Friday, November 21, 2014

Week in Review: Research Tags Become Dinner Bells, Beluga Birth Caught on Video, and More

1. Scientific Research Tags Placed on Fish Can Make them Vulnerable to Predators

Scientists have been using sound-emitting tags to track the long-term survival of fish. Observers are now reporting an ironic twist with this methodology. Seals have learned to use the tags as their "dinner bell" or tool to locate prey, thus shortening the lifespan of tagged fish. This artifact, if proven conclusive, would render the study worthless. Read more here...


2. Beluga Whale Birth Caught on Video

Video from China captured the unusual sight of a beluga whale giving birth in an aquarium, offering marine biologists an opportunity to study the labor process. Belugas are one of the most common cetaceans kept in aquariums worldwide and are rarely bred successfully in captivity. Watch the video here...


3. New Marine Reserve Established in Central Africa

A new marine reserve off the coast of the central African nation of Gabon will protect 18,000 square miles of ocean, home to threatened species such as great hammerhead sharks, tiger sharks, whale sharks, manta rays, and leatherback turtles. Commercial fishing is banned in the area. Read more here...


4. Japan Reduces Whaling Quota

Japan plans to kill 333 minke whales when it resumes whaling in Antarctic waters next year, a reduction from last year's quota of 855. This follows a ruling at the International Court of Justice that the program was unscientific and merely an excuse to continue commercial whaling. Japan will continue its hunt despite a non-binding vote at the International Whaling Commission demanding limits on the program. Read more here...


5. Fisheries May Collapse Within 30 Years

Saltwater fish may be extinct by 2048 if we do not act now, according to a study published in the journal Science. Loss of ocean biodiversity has accelerated in recent years, threatening entire marine ecosystems due to declining water quality, aglal blooms, dead zones, fish kills, and coastal flooding. But we may be able to reverse the trend if we take action to improve diversity in vulnerable areas. Read more here...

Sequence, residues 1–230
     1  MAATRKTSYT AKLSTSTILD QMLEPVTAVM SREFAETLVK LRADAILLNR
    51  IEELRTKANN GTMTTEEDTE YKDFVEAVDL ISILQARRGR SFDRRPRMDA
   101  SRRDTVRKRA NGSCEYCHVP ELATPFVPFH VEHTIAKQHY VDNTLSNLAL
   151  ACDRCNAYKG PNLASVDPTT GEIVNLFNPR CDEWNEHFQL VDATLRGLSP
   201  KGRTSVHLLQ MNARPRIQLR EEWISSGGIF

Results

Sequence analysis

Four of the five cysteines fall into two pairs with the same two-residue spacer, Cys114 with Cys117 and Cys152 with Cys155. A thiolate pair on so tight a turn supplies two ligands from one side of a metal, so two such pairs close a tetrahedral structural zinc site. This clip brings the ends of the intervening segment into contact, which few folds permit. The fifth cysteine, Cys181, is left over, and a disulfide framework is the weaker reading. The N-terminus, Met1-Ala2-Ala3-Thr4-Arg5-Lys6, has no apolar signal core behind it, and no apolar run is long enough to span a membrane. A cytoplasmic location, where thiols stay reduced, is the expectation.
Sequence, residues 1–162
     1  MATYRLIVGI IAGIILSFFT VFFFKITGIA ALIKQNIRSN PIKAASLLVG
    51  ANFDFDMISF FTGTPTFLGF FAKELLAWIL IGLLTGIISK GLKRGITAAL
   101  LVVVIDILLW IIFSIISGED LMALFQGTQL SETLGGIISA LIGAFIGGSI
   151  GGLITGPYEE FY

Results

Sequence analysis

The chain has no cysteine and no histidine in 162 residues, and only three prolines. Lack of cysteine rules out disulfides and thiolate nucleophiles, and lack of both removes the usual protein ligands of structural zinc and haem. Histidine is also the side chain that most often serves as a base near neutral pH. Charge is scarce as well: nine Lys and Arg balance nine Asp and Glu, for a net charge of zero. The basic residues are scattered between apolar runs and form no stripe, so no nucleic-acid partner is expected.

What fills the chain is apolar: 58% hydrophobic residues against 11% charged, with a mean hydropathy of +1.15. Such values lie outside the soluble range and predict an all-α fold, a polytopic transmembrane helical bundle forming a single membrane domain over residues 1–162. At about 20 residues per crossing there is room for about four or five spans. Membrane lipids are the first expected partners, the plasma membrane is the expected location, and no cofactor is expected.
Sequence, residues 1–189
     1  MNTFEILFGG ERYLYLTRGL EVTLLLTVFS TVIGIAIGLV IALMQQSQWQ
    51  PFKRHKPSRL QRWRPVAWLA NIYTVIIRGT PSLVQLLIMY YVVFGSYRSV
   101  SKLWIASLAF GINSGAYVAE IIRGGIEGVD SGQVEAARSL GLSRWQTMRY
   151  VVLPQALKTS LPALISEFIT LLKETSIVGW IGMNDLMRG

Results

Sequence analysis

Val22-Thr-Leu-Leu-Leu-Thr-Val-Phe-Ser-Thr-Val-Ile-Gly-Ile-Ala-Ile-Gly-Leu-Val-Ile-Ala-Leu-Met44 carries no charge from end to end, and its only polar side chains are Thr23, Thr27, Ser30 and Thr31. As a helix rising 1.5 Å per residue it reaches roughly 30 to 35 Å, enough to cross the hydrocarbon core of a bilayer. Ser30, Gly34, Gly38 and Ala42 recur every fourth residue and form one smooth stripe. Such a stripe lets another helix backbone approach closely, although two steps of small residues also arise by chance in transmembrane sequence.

6. Orcas Captured for Russian Aquarium

A new aquarium being constructed at an exhibition center in Moscow, Russia, will house orcas recently caught off the country's far eastern coast, even as public sentiment is turning against keeping cetaceans in captivity. Read more here...


7. Cause of Sea Star Wasting Disease Identified

Scientists think they have identified the cause of massive sea star die-offs along the Pacific Coast of the U.S. The culprit appears to be a virus similar to one that affects sea urchins and cockroaches. This commonplace virus has become lethal for unknown reasons. There is good news, however: massive numbers of baby starfish are showing up in some areas of the Pacific Coast. Read more here...


8. World Parks Congress Aims to Protect 30 Percent of World's Oceans

The World Parks Congress has set an ambitious new target to reserve 30 percent of the world's oceans as marine parks where fishing is banned. Currently only 2 percent of the oceans are protected. China, Russia, Canada, Madagascar, South Africa, and Brazil pledged to increase their marine protected areas significantly. The new target was based on more than 80 scientific studies. Read more here...


9. Seabirds Dying Along California Coast 

Dead seabirds are washing up on central California beaches, possibly as a result of starvation caused by high ocean temperatures and a lack of zooplankton. The birds, called Cassin's auklets, normally live in the open ocean and are rarely sighted along the coast. Auklets are an "indicator species" that provide a picture of the overall health of the marine ecosystem. Read more here...


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Sea Save Foundation is committed to raising awareness of marine conservation. The Week in Review is a team effort produced by the Sea Save staff to provide a weekly summary of the latest in marine research, policy, and news.